A letter of intent (LOI) is an essential step in the merger and acquisition (M&A) process, yet its exact purpose and content might be widely unknown. Furthermore, there are several popular misconceptions about these agreements and exactly what their role is in the process of selling a company.

Essentially, a letter of intent is what it sounds like — an agreement between parties that lays out the structure of the deal and the intent of both parties to follow through with it. There are several key sections in a basic LOI, which are outlined below.

The first section is the purchase price and payment structure, and as the name suggests, it outlines the dollar amount to be received for the sale of the firm. Furthermore, it must include how this number was calculated, which is typically an EBITDA multiple. (For smaller deals, this can be fixed assets plus a goodwill number.) EBITDA stands for Earnings Before Interest, Taxes, Depreciation, and Amortization and gives an accurate picture of a firm’s profitability. There should be specific detail about how payment will be made. Such details can include the timing of payment, the percentage of the payment made, and the sources of capital. They are:

  1. Cash: The buyer has enough liquid capital and buys the company outright;
  2. Seller Financing: The seller lends the buyer cash to buy the business and charges interest;
  3. Earnout: After an initial cash payment, the buyer will make additional payments to the seller if the business achieves agreed-upon milestones such as profitability or revenue growth;

A letter of intent is a non-binding agreement expressing the collective wishes of all parties involved in a deal.

This section can also include the specific assets to be sold, liabilities that are incurred, and a clause for an escrow fund. The escrow fund sets aside a predetermined percentage of the purchase price at the time of closing, to be held in reserve for up to two years. This gives the buyer something to make claims against if misrepresentation occurs. It also provides guidelines for the valuation of inventory that is currently held by the seller. This is an essential step for small or mid-size businesses because inventory represents a substantial portion of the value of the company. Such a valuation is usually based on how recently inventory items have been sold.

The next section contains the assumptions related to the purchase price. This includes terms that are assumed by the buyer about the seller and the company. An example of this is that the purchase agreement will contain typical industry terms and conditions, or that the sellers will sign a non-compete agreement.

Employee and management incentives are the next section and are in place to make sure the buyer and seller agree on the future role of employees. This section can include terms guaranteeing employment and consistent compensation for employees after the sale of the company. It can include terms about incentivizing management to stay on board after the sale and continue to perform.

The next section is the definitive agreement, and this has some more information about the asset purchase agreement. This section also restates that the purchase agreement will contain all of the necessary indemnifications. Finally, this includes a clause that ensures that all shareholders in the seller company will exercise their rights individually and not collectively.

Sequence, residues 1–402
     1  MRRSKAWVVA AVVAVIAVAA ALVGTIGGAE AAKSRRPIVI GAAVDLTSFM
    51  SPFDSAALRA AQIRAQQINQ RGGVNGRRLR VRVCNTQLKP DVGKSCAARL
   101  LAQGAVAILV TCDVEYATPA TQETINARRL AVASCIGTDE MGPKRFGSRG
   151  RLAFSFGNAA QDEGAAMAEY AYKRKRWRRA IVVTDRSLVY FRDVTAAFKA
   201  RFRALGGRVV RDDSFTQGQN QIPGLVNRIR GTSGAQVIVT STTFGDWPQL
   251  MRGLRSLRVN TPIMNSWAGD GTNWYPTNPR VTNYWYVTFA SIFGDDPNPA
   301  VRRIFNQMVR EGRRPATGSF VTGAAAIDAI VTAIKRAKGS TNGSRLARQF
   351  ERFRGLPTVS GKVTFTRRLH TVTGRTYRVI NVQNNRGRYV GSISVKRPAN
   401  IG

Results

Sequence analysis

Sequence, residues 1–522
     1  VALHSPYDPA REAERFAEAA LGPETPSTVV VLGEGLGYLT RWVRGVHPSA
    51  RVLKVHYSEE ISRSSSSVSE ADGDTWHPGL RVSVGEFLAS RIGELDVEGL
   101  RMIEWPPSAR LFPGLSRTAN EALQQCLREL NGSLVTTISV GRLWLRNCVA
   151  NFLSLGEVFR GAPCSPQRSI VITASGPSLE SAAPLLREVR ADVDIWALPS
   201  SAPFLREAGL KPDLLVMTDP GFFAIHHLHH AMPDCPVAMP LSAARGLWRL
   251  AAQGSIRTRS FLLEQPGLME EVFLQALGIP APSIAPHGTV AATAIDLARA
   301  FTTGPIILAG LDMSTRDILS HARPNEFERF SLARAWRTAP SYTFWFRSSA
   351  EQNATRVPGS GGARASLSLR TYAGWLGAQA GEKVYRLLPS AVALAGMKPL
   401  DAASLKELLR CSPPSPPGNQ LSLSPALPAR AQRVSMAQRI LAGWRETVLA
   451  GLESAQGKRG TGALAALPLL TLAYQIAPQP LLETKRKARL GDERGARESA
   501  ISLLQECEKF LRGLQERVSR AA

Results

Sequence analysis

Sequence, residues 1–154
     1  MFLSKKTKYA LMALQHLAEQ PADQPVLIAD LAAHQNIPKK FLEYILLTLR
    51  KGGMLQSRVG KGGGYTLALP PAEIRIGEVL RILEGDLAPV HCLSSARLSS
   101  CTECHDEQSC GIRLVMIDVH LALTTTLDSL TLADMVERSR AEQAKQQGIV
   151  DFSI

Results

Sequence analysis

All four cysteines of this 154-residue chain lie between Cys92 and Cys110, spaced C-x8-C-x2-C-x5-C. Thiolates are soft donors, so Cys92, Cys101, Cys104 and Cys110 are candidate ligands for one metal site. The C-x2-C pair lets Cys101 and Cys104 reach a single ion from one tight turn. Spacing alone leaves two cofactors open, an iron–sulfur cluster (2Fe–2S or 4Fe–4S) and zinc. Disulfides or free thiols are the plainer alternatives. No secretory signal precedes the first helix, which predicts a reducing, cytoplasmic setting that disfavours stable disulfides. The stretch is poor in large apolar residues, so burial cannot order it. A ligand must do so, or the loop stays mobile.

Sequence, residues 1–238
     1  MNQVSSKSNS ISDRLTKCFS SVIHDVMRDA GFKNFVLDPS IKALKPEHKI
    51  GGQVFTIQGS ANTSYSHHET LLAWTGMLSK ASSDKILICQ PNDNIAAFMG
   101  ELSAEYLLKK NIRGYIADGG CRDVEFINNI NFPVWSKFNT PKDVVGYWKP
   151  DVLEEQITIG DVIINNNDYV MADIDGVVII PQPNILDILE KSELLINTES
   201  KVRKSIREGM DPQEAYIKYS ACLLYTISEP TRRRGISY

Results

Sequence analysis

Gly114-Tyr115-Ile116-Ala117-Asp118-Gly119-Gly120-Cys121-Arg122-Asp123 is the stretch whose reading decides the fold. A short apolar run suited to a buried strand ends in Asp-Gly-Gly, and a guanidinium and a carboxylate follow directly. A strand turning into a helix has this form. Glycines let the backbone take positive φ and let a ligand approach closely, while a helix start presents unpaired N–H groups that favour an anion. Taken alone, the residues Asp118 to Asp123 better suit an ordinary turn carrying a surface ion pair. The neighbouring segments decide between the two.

Next, there is a section on the real estate that is involved in the transaction. This can differ significantly between deals. If the physical property is being sold that will be outlined, and if there will be a rental agreement that will be mentioned as well. Real estate can represent a very large portion of the assets in a business, so it is important to outline how it is going to be handled in the deal from the start.

The next section outlines due diligence timing and closing. It provides provisions for when the due diligence will be completed by the buyer, how long it will take, and to what extent the seller must participate in it. A target date for closing the deal is named to establish a timeline.

The following section is titled seller approval and consent, and it establishes that the seller has all the internal and external approvals necessary to go forward with the transaction. Also, it states that the seller does not anticipate any legal or regulatory complexities to arise.

Next, we have transaction expenses. This section covers how the payment of legal and transactional fees will be made. Typically, each party will bear its own legal expenses and split the cost of the escrow agent.

Next, there is a section relating to exclusivity and non-solicitation. In this section, the seller agrees not to contract any third party concerning the transaction for the life of the deal. In this section there is typically a clause that prevents the seller from attempting to hire employees away from the seller at any time during the process or after the deal has been completed.

A letter of intent is a non-binding agreement that is used to express the collective wishes of all parties within a deal and can be subject to termination by either party at any time, with the exception of a few sections. The clauses related to exclusivity, transaction expenses, and the choice of state law are legally binding once the agreement has been signed. This is the case because we must balance the need to protect the monetary interests of the seller with the freedom to walk from the deal. Since most of the agreement is non-binding and the agreement is entered into willingly there is an expectation of good faith between the parties that they will be forthcoming with all pertinent information in the creation of this document.

As outlined above, the LOI is of paramount importance in the M&A process in order to maintain expectations and good faith between parties.